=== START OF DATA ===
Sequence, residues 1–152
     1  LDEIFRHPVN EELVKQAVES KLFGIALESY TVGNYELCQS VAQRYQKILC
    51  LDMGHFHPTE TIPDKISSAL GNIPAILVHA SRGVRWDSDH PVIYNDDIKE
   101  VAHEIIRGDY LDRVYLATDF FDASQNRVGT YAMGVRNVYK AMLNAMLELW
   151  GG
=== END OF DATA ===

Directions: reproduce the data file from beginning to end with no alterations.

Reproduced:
Sequence, residues 1–152
     1  LDEIFRHPVN EELVKQAVES KLFGIALESY TVGNYELCQS VAQRYQKILC
    51  LDMGHFHPTE TIPDKISSAL GNIPAILVHA SRGVRWDSDH PVIYNDDIKE
   101  VAHEIIRGDY LDRVYLATDF FDASQNRVGT YAMGVRNVYK AMLNAMLELW
   151  GG